Tachykinins are endogenous peptide neurotransmitters, acting through the NK1, NK2 and NK3 receptors, at central and peripheral level. At peripheral level, they are involved in contraction of smooth muscle, secretion of water and ion from epithelia, as well as modulation of visceral pain sensitivity. Tachykinin NK2 receptor antagonists have the potential to be useful in the treatment of various gastrointestinal, genitourinary and CNS diseases. In this review, an overview of the patenting activity in the last 5 years is provided. Patents from different companies and research groups are discussed for their novelty and evaluated in relation to proposed indications and clinical studies. Relevant biological data are also presented. Patents claiming new therapeutic indications are included in a dedicated section. Although there is still no tachykinin NK2 receptor antagonist approved for use in human therapy, research in the field is still proposing new compounds and possible uses. A number of candidates are being evaluated in Phase II clinical studies, in indications ranging from gastrointestinal disorders to inflammatory diseases. The results of these studies will indicate the role of tachykinin NK2 receptor antagonists in human therapy.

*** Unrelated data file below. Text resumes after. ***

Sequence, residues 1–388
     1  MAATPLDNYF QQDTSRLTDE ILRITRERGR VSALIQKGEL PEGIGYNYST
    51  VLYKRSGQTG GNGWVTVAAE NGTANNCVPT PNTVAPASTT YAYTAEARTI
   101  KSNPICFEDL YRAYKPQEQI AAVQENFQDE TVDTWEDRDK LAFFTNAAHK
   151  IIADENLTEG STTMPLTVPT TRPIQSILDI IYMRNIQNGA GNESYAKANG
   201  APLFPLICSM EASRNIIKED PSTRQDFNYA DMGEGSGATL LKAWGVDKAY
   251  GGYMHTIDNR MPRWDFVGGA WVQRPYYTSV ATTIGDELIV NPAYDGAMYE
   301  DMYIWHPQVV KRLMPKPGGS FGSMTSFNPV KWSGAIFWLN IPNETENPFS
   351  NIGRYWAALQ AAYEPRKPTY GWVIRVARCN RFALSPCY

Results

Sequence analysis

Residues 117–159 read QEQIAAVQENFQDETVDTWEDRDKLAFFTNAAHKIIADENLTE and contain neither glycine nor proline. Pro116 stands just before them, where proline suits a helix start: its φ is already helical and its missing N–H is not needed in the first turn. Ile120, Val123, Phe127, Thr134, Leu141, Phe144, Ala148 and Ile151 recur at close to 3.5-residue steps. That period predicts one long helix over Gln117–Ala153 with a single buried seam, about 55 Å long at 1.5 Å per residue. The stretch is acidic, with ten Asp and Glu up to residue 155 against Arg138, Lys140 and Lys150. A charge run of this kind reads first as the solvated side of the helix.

2. Novel class of amino acid antagonists at non-N-methyl-D-aspartic acid excitatory amino acid receptors. Synthesis, in vitro and in vivo pharmacology, and neuroprotection

    International Nuclear Information System (INIS)

    Krogsgaard-Larsen, P.; Ferkany, J.W.; Nielsen, E.O.; Madsen, U.; Ebert, B.; Johansen, J.S.; Diemer, N.H.; Bruhn, T.; Beattie, D.T.; Curtis, D.R.

    1991-01-01